Brisel and stroller like this.
  8. stroller

    stroller Member

    Somerset UK
    Beat me to it!

    After years of people and organisations telling me what I can and can't do, DEFRA, Wessex water, sweb, neighbour's who don't want muck spread (he eventually saw the error of his ways), to dog walkers who when I politely ask them if they realise they are not on the footpath reply: "I'll walk where I want and there f**k all you can do about it" it feels good to have the whip hand even though it may be brief.
  9. Stevethemeat

    Stevethemeat Member

    You may think you hold all the cards my advise is beware
    A land agent tried to screw me out of thousands because a stream was diverted out side a boundary once I saw the figure I immediately diverted it within the boundary much to there disbelief I appolagised for my mistake and returned the area back to original condition at a cost of £100 so lesson to learn if he asked a few quid and a bottle or two then the job would have been done and all happy where since then I have had the agent over a barrel more than once with the boot on the other foot so to say
    I think a wayleave agreement as mentioned above will benefit you far more in the future than a pissy neighbour that may get you to re instate the tank because of your contractor I know what I’d do if I was the house owner
  10. Grassman

    Grassman Member

    You interpretation is interesting. If this tank was not designed to be driven over then it should be clearly marked or fenced. Why should the contractor be at fault for driving over it? That's like expecting the contractor to pay for a set of chain harrows you left in the mowing grass!
    Now if it is designed to be driven over then the owner of the tank is responsible for making sure it's fit for purpose.
    stroller likes this.
  11. Lazy Sod

    Lazy Sod Member

    If the man's house is worth a million, surely he must have enough space to put a new plant in his garden.
    neilo likes this.
  12. dannewhouse

    dannewhouse Member

    worst case sinario op has to put tank back to condition before say contractor did damage, £750 but in 2020 the regulations change so house owner will still have to deal with problem. I can see 100% why people want to be "fair" on both sides but ive also had dealings where land agent/people have 1 over on you but hell when you have the upper hand they don't like it.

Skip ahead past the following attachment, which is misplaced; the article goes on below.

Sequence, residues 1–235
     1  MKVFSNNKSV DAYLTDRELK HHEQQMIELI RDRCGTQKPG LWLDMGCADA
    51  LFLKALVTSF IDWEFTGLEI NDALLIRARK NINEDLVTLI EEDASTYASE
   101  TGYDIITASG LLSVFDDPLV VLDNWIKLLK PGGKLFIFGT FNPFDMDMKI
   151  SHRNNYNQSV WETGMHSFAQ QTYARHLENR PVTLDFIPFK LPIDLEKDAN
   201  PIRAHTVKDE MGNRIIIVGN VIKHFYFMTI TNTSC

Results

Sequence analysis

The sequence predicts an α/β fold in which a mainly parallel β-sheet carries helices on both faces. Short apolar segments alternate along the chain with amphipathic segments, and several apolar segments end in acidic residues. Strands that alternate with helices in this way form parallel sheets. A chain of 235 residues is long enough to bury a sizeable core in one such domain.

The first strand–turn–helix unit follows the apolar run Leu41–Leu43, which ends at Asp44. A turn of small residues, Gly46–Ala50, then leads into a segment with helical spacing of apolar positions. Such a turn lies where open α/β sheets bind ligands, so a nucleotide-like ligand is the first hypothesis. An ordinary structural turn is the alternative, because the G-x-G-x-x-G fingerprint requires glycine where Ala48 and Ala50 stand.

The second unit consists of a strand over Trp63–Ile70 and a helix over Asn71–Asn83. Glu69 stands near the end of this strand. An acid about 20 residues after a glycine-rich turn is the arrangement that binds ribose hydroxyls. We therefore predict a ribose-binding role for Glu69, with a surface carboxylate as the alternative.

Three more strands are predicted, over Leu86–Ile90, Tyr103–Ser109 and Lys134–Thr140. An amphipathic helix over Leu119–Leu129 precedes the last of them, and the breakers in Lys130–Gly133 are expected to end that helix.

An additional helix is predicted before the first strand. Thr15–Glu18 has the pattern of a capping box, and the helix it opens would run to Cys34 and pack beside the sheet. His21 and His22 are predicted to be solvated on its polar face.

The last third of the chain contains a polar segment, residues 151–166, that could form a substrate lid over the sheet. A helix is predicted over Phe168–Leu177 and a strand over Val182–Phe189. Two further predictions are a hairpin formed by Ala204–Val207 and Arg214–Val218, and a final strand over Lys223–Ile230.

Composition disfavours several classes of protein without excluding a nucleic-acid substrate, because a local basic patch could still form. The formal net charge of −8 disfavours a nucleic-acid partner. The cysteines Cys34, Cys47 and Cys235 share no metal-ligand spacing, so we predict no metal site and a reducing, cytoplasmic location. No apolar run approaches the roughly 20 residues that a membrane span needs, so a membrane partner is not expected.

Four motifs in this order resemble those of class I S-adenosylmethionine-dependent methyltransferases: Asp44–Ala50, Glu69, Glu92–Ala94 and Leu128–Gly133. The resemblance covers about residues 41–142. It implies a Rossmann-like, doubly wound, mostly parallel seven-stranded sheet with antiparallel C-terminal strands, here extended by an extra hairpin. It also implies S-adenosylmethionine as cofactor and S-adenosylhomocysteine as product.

13. Not around here.
  14. Goweresque

    Goweresque Member

    North Wilts
    The OP is in Somerset though. I can't believe that a £1m property down there doesn't have enough garden space to fit his own combined septic tank/treatment plant in it. There's loads of options that are no bigger than a traditional onion septic tank, in area required, then the outflow is clean and can go direct to a water course, or in this case into the old septic tank and soakaway he already has. And if its in his garden then electric supply isn't a problem.
    neilo, Lazy Sod and holwellcourtfarm like this.
  15. Fallowfield

    Fallowfield Member

    Refuse to cooperate so that they'll have to sell up and move and you'll be able to buy the place for next to nothing.

    You know it makes sense.
  16. stroller

    stroller Member

    Somerset UK
    He's got enough space, unfortunately it's uphill of the house, downhill is not enough room.
  17. An Gof

    An Gof Member

    Best Buy a pump (y)
  18. He can fit it in his garden, just by fitting a pump then.

    Take this as a good opportunity to tell him to paddle his own canoe and remove it from your field.

    It’s of no benefit to you being there, get bim to remove it then you don’t have the hassle.

    If you do sell it to him I suspect it will need change of use from ag too
    Steevo likes this.
  19. Goweresque

    Goweresque Member

    North Wilts
    He may still need the soakaway in the OPs field in the future. Assuming he fits a treatment plant into his garden and pumps from the house uphill to it, he's then going to have to get rid of the outflow from that plant, which will be 'clean' water, or at least clean enough to legally outflow into a water course. But if there is no water course he can (or has permission to) direct it into, he'll have to use the existing septic tank and soakaway as a clean water disposal system.